We noticed recently that our adopted 10-year-old Border Collie limps if she plays too hard or goes on long walks. After a thorough vet check, she has been diagnosed with arthritis; fortunately, her health is otherwise excellent – it seems this is due to her age.
As advised by our vet, she takes arthritis supplements, and we’re looking into moving her onto a joint-specific dog food which our vet recommended.
She really loves her walks and playtime, and we don’t want to deprive her of this although we are keeping her walks shorter now – we don’t want to hurt or damage her further. We worry as sometimes she still limps a little after a walk. Should we stop the walks? Is there anything else we can do to alleviate her arthritis?
Jason Manning – Hartbeespoort, Gauteng
Dr Mirjam van der Wel of the Animal Anti Cruelty League Port Elizabeth advises...
It sounds like you are basically doing everything right! I would just suggest that you ask your vet to provide some drugs for days when she is really uncomfortable and sore. It should not be necessary to stop her exercise completely, but you will need to keep it low-impact, short but regular. Osteoarthritis (OA) – the full name for arthritis – is not uncommon in older dogs, and there’s a lot you can do to help her.
In a healthy joint the cartilage acts as a cushion and the synovial fluid (joint fluid) lubricates the joint. In dogs with OA, the cartilage gets broken down, causing the bones to rub directly on each other (pain) and the synovial fluid thins, reducing its lubricant properties (stiffness). It is a degenerative disease, which means it will worsen over time. The treatment options are there to slow down the rate of degeneration, help with cartilage formation, and reduce the pain the patient experiences.
Although OA often affects older dogs, it can also been seen in younger dogs as a result of an injury, problems such as hip/elbow dysplasia, and obesity. Arthritis is often seen as an inevitable result of ageing; we may not be able to ‘cure’ old age, but a pet’s age is no excuse to leave osteoarthritis untreated.
Weight management and exercise:
Overweight dogs are straining their joints, thereby causing or worsening the effects of OA. If an arthritic pet is overweight, consult with your vet for the best way to help them lose weight, especially in elderly pets.
Exercise is important, especially if your dog loves it – it must provide a good range of motion for the joints as well as muscle building. Aim for regular, low-impact exercise, such as walking or swimming. Running, rough playing and jumping are best avoided. Limit the use of steps and stairs or use a ramp to facilitate movement – and no jumping onto beds or into your car! Special harnesses are available that fasten around your dog’s back end so that you can help her get up or walk if she really struggles.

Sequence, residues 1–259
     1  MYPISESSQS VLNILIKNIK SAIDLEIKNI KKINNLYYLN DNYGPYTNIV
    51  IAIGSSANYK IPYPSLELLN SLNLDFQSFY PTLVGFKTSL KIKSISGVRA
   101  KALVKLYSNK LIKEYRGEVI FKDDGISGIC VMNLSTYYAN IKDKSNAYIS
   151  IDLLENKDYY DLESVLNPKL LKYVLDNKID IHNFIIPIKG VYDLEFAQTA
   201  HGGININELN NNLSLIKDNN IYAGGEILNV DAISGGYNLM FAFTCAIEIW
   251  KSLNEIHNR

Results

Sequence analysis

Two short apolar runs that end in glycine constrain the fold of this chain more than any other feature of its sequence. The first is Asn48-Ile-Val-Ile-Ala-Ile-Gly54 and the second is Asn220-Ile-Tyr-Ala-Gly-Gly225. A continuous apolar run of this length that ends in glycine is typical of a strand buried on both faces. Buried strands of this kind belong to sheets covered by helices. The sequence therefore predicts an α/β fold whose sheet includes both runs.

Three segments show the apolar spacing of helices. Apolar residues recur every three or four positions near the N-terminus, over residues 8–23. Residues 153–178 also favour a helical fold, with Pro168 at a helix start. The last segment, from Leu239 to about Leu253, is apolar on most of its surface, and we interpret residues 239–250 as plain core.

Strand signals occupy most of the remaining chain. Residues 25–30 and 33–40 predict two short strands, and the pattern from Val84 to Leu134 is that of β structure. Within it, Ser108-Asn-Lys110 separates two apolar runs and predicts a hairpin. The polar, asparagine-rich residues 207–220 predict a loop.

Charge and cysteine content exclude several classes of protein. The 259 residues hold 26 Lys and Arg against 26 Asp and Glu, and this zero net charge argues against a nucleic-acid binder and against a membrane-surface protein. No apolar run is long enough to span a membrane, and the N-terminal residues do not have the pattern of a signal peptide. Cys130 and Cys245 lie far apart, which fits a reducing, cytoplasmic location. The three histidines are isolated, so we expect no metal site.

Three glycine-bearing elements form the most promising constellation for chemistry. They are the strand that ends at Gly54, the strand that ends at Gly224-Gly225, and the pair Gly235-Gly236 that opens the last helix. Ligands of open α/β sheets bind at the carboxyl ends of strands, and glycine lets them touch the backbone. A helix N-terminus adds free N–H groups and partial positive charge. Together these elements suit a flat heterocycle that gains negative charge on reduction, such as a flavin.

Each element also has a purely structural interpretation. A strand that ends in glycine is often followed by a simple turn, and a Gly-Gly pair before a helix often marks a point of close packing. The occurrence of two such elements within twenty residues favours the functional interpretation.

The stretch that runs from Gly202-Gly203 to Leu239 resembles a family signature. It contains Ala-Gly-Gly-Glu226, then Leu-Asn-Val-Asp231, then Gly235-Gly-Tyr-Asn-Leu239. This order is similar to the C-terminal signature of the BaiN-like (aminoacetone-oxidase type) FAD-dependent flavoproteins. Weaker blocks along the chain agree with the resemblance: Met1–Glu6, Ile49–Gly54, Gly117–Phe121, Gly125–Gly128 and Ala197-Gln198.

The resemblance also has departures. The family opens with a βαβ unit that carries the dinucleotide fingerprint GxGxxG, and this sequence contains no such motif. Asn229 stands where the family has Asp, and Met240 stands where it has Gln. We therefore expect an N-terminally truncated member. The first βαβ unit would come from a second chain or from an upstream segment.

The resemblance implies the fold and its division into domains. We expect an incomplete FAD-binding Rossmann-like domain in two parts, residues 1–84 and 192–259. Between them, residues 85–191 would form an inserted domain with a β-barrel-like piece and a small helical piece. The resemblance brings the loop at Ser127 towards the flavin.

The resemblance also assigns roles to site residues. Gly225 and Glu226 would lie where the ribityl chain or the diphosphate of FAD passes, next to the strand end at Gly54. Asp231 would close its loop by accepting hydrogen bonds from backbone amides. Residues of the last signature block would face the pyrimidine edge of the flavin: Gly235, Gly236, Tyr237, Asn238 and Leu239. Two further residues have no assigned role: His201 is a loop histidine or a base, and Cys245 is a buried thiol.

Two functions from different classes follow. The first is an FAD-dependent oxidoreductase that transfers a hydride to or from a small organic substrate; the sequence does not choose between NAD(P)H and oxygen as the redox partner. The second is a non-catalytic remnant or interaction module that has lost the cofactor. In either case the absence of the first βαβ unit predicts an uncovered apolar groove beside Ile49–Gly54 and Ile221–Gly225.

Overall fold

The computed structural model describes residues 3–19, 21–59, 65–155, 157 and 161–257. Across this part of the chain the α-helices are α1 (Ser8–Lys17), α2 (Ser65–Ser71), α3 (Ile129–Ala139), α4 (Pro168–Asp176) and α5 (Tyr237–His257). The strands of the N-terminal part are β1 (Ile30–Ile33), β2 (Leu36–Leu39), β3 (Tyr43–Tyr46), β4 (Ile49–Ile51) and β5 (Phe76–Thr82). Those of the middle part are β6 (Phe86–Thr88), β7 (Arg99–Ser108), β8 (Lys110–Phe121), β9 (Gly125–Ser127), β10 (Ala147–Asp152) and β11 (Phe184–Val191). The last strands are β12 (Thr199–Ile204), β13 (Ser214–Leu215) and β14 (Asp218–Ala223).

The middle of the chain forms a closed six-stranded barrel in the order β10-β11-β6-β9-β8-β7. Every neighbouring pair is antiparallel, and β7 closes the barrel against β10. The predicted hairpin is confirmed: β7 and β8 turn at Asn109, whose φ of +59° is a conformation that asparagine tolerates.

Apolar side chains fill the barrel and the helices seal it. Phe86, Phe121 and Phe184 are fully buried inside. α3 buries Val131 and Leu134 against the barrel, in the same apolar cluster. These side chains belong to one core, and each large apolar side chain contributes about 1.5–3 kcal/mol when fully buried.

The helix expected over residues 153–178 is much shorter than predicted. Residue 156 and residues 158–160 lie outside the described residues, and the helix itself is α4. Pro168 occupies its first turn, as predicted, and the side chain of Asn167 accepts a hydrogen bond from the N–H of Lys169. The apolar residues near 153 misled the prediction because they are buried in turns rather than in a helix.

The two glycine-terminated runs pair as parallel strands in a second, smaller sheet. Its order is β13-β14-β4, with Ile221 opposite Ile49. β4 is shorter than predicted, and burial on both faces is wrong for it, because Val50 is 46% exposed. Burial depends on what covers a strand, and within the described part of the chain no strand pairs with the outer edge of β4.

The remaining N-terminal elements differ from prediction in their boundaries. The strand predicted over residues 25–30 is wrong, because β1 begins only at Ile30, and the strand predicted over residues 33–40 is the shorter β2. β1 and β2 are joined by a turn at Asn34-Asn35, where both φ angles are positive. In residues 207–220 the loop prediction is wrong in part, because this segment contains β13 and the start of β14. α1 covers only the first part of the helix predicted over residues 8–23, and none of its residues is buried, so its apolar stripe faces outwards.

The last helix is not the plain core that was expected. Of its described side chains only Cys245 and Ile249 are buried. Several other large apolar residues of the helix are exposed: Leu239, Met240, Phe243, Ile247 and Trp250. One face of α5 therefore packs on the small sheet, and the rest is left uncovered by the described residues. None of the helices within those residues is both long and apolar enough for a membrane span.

Physical therapy (including hydrotherapy/swimming) and massage can be part of the exercise package. If needed, chiropractic and acupuncture can assist. Your vet should be able to suggest someone who specialises in this.
Frequently used supplements include glucosamine, chondroitin, omega 3 and 6 fatty acids, and various marine extracts (such as green lipped mussel). The aim is to help repair cartilage and reduce inflammation. They are not a ‘quick fix’ and you won’t see results overnight. However, their long-term use (either as a separate supplement or as part of a ‘joint-diet’) will reduce the rate of joint degeneration and keep your pet happy for longer.
Joint-specific foods are available; these usually contain some of the above-mentioned nutraceuticals along with low-allergen, low-acidity ingredients, and are also designed to help with weight control. Raw food diets are also popular in controlling inflammation but must be carefully planned. Refined carbohydrates (like bread), dairy products and sugar (none of which our pets should eat anyway), and poor-quality, grain-based pet food can increase inflammation so these should be avoided.
There are various drugs that reduce swelling and pain in the joints. The most commonly prescribed are Rimadyl, Petcam/Metacam, and, sometimes, cortisone. They should only be used under veterinary supervision in combination with other lifestyle changes (diet, exercise) and supplements (nutraceuticals/joint diets). DO NOT open your human first-aid kit and administer human painkillers to your pets. Just because it’s safe for a child does not mean it’s safe for a dog!
The management of Osteoarthritis is multimodal and very much dependent on the individual patient.
Consult your vet to choose what’s right for your dog.